418 History of Wake Forest College
noted here, however, that the college community was saddened on
December 8, 1848, by the death of Rev. Thomas Crocker, a friend of
the College, who was a charter member of the Board of Trustees and
who had done faithful work as agent in 1846. His trouble was chronic
diarrhoea. For more than thirty years he had been active in the work
of the denomination, and was highly regarded by his
In general things were going so well at the College that no one
expected a change of administration. Thus it was year after year. So it
was with the session of 1851-52, which opened well with ten or
twelve more students than in the previous year, as President White
with much satisfaction informed the editor of the Biblical Recorder.
The Trustees then had reason to be surprised when at their meeting in
Wilmington on October 17, 1851, they received a letter from White
tendering his resignation of the presidency, to take effect in June,
1852. Just what reasons White had for his action is not known. It
seems, however, that he was already in communication with friends at
Brownsville, Tennessee who were urging him to come and take
charge of a seminary for girls, the place to which he went on leaving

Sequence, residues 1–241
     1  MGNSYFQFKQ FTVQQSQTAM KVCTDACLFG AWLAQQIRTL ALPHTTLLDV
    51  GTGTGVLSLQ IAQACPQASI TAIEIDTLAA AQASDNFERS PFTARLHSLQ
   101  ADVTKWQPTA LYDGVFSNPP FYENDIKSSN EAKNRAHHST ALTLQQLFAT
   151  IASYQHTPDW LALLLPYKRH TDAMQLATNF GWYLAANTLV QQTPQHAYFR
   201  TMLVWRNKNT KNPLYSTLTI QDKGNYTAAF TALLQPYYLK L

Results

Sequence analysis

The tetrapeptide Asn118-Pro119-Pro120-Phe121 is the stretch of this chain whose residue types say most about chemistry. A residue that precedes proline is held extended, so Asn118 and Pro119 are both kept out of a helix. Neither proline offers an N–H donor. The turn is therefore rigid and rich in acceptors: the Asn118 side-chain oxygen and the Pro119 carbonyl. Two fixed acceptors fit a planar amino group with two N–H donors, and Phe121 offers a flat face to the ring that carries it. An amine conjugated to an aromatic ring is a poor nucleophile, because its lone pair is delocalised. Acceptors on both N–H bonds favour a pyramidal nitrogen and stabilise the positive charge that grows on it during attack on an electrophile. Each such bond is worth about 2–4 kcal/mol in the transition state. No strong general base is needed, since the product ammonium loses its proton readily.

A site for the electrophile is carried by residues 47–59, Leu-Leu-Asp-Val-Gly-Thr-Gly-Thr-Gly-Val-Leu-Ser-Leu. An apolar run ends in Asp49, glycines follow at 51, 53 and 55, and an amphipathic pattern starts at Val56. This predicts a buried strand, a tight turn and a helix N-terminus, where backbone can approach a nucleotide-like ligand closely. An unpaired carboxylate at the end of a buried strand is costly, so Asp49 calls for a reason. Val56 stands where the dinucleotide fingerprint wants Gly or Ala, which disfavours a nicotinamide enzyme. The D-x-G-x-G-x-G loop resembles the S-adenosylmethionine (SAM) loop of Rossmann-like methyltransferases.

Wake Forest. Many of his friends-Professor Stephen Morse, his
college mate and former colleague at Wake Forest, and the Merriams
were already in the West, and it is very probable that they were urging
White to join them in a projected enterprise, which, as we shall see,
they afterwards undertook.
In the language of a resolution which the Trustees immediately
passed on receiving White's letter there is a suggestion that he
possibly felt that he was out of harmony with them, the Trustees. In
this resolution they are careful to express to him "the continued
confidence of the Board in the faithfulness and ability with which he
had discharged the duties of his appointment, and their unanimous
and earnest desire that he withdraw his
The committee,
however, reported at a meeting on March 26, 1852,
See Sketches in Biblical Recorder, January 6, 1849.
9 Proceedings, p. 83. The committee consisted of William Hooper, D. S.
Williams, J. S. Purefoy, and N. J. Palmer.
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